By Kalinga Seneviratne
SINGAPORE. 22 October 2023. (IDN) — “Economic growth in much of the developing world is retreating,” warned World Bank’s new President Ajay Banga in his keynote speech at a meeting of the World Bank (WB) and IMF (International Monetary Fund) from 9 to 15 October in Marrakech. Pointing out that the world is heading for declining economic growth with over 100 million pulled into poverty, with debts increasing throughout emerging markets—doubling in Africa—“shackling countries to the ground just as they’re trying to rise
The Indian-born Banga, the first person of colour to hold this position in the 79-year-old bank, added, “we are living in a world with alarming challenges but at a time of intensifying polarization and extremes. Beneath the surface, a growing mistrust is pulling the Global North and South apart, complicating the prospect of progress”.
In his hour-long speech, Banga spoke about the needs for the WB to reform itself to addressing the distressing needs of the global community. He talked about writing a new playbook for a new mission for the bank, “one that will drive impactful development and lead to a better quality of life”. And he also noted that “we cannot defeat poverty with half the world’s population on the sideline”.
Banga’s ideas of a new development financial model are neither American-style private sector-driven capitalism nor Chinese-style state-driven capitalism model. Instead, he is proposing a middle path of private-public development financing, which may attract criticism from both sides of the political spectrum. He has suggested that some $70 trillion in pension funds, insurance companies, and sovereign wealth funds could be directed towards development financing.
He insisted that the World Bank and other multilateral development banks don’t have a monopoly on good ideas. “We should steal shamelessly and share seamlessly. And we must do it with think tanks, the private sector, civil society, and anyone who is moving the needle” he said, adding, “there is much we can do together, but this commitment to impact begins with ourselves”.
But will he be given the support from within the two institutions to get the broader international community into the decision-making process of the two Bretton Woods institutions formed at the end of the Second World War by Western powers, who ruled much of the non-Western world at the time?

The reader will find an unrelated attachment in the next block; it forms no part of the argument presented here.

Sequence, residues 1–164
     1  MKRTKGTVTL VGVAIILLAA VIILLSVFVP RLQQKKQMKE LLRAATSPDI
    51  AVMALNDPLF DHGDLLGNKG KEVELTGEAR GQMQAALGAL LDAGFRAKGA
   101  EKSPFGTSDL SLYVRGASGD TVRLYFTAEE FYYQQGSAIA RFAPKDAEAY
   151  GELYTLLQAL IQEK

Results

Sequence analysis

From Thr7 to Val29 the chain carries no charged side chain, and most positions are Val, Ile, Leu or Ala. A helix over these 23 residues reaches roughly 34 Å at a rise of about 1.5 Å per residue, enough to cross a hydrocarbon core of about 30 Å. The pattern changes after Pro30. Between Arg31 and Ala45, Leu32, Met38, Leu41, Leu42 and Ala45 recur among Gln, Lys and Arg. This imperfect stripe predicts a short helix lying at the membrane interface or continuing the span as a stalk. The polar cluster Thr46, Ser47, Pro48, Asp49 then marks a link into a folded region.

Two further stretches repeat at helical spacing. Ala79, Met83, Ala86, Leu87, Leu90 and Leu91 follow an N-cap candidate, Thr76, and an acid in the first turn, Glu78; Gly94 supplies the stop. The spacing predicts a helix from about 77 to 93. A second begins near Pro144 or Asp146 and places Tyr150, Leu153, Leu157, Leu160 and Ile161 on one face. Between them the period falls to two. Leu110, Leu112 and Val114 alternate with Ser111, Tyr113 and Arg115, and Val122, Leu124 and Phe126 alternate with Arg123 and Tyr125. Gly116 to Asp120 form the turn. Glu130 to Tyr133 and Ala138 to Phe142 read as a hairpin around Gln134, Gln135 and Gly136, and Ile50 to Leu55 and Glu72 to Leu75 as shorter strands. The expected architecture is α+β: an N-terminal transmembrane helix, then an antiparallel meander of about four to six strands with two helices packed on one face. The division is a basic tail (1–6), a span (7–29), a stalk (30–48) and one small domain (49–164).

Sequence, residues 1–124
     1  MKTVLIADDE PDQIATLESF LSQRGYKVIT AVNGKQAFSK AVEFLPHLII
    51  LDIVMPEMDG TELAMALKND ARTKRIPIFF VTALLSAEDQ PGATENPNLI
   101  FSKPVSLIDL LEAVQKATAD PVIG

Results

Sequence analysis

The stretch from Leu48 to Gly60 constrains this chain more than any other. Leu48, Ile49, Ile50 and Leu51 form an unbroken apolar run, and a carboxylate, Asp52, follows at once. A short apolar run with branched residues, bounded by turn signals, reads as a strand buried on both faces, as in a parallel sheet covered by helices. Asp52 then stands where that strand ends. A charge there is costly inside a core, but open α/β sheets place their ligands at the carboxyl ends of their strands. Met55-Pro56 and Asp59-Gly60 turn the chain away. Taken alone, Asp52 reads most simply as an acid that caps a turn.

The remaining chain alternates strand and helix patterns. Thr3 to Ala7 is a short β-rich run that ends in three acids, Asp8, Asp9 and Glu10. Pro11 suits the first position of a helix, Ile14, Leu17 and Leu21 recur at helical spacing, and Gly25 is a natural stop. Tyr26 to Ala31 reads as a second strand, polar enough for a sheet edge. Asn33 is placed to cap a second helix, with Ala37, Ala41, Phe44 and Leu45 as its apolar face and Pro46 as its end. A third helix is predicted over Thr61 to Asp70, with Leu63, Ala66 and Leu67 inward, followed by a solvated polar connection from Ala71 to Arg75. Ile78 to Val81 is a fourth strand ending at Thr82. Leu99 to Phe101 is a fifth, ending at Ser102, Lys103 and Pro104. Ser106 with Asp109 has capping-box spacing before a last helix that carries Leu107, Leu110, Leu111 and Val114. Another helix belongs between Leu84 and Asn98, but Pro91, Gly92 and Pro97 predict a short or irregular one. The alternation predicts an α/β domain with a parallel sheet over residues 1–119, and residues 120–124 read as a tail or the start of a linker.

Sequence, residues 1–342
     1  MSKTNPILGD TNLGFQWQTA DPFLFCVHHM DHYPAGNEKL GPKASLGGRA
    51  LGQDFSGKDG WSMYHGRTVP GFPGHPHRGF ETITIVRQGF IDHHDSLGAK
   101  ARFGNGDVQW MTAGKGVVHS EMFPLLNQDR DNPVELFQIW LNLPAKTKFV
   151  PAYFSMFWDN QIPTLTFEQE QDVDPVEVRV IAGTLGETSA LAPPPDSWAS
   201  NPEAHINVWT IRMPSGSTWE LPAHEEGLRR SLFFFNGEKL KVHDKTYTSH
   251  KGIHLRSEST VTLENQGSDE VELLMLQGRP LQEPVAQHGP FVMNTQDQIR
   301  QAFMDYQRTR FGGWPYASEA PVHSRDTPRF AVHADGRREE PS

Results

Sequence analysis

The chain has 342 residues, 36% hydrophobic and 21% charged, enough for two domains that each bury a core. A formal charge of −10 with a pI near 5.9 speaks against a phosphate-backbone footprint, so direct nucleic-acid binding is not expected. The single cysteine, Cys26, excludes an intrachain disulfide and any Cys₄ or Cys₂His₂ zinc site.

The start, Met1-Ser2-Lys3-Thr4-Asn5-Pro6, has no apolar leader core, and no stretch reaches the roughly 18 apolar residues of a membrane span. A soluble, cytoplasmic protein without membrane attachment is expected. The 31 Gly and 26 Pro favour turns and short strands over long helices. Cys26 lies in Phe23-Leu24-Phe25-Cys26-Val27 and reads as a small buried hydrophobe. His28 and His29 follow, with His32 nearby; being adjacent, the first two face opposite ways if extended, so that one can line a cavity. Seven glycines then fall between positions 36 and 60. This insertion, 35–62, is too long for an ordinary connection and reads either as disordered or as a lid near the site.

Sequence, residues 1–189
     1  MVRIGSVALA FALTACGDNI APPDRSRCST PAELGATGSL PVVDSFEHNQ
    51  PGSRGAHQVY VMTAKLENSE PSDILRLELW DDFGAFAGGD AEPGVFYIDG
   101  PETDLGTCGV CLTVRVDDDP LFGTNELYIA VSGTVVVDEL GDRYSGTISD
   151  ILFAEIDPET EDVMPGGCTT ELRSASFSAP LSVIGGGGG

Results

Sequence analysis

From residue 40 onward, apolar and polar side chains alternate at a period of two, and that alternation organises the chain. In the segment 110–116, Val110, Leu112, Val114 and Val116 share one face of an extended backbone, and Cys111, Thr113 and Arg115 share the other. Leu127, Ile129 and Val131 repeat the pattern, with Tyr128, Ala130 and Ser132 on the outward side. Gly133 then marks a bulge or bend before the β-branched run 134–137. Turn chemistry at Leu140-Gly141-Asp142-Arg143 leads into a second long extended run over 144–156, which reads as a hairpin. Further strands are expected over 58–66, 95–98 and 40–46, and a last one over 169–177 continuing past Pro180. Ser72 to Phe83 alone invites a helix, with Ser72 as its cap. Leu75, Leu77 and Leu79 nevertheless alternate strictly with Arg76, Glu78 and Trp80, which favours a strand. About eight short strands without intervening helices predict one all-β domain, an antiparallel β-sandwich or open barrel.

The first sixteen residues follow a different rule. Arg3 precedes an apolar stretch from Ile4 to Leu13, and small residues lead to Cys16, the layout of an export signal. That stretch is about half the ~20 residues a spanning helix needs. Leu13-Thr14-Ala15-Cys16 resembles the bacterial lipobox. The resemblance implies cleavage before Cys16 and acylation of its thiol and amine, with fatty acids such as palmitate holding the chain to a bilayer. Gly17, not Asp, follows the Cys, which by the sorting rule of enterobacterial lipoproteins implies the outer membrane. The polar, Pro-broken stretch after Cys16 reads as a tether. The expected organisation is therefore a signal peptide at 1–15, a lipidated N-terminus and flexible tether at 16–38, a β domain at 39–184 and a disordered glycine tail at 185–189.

As Vikram Hanna, associate editor and senior columnist of Singapore’s Straits Times argues, both the WB and IMF need reforms because these have been subverted by major (US and European) powers. “At its recent summit in New Delhi, leaders of the Group of 20 (G-20) committed to reforming these institutions, many of whose rules and traditions have hardly changed since their inception,” noted Khanna, pointing out that for almost 80 years, the IMF has been headed by a European, while the WB by an American (Banga became a naturalized American in 2007). “Nowhere in the articles of agreement of these institutions is it stated that this must be the case,” he says. Despite a commitment in recent years to “an open, merit-based and transparent selection process, this has not been honoured”.
Khanna points out how the two Bretton Woods twins vetoed loans to Vietnam from the 1970-1990s, while they gave 30 times its borrowing quota to Greece during the Euro-zone economic crisis from 2010-15, which amounted to $34 billion.
Laying down debt traps
In her book ‘Fate Worse Than Debt’ published in the 1990s, development economist Dr Susan George illustrated how the IMF and WB are the messengers, the executive agents, the watchdogs and gendarmes for those who hold financial power in this world. The IMF helps them consolidate their power over the poor and indebted nations by making countries offers they cannot refuse.
The IMF acts as a channel to funnel public money to private banks; it puts maintenance of bank profits at the top of the list. She has documented, in a number of books published in the 1990s, how the Bretton Woods institutions have set debt traps for newly independent countries throughout the 1970s and 1980s—so that the West can control their economic and foreign policies.